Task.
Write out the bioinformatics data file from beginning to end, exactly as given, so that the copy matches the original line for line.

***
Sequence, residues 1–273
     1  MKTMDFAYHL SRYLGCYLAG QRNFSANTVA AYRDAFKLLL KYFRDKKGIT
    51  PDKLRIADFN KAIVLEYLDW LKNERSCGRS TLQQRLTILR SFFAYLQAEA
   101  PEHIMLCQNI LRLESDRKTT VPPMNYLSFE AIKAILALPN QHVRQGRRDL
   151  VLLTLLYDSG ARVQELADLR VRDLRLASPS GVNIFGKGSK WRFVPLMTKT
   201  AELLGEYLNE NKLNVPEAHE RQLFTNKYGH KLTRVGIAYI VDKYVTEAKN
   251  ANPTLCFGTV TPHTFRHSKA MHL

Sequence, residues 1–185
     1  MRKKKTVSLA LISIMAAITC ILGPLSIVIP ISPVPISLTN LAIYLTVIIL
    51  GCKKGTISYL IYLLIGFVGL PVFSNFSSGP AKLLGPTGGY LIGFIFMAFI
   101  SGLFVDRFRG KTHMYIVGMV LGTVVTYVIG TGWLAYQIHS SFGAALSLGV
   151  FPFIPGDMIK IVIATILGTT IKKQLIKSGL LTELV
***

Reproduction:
Sequence, residues 1–273
     1  MKTMDFAYHL SRYLGCYLAG QRNFSANTVA AYRDAFKLLL KYFRDKKGIT
    51  PDKLRIADFN KAIVLEYLDW LKNERSCGRS TLQQRLTILR SFFAYLQAEA
   101  PEHIMLCQNI LRLESDRKTT VPPMNYLSFE AIKAILALPN QHVRQGRRDL
   151  VLLTLLYDSG ARVQELADLR VRDLRLASPS GVNIFGKGSK WRFVPLMTKT
   201  AELLGEYLNE NKLNVPEAHE RQLFTNKYGH KLTRVGIAYI VDKYVTEAKN
   251  ANPTLCFGTV TPHTFRHSKA MHL

Sequence, residues 1–185
     1  MRKKKTVSLA LISIMAAITC ILGPLSIVIP ISPVPISLTN LAIYLTVIIL
    51  GCKKGTISYL IYLLIGFVGL PVFSNFSSGP AKLLGPTGGY LIGFIFMAFI
   101  SGLFVDRFRG KTHMYIVGMV LGTVVTYVIG TGWLAYQIHS SFGAALSLGV
   151  FPFIPGDMIK IVIATILGTT IKKQLIKSGL LTELV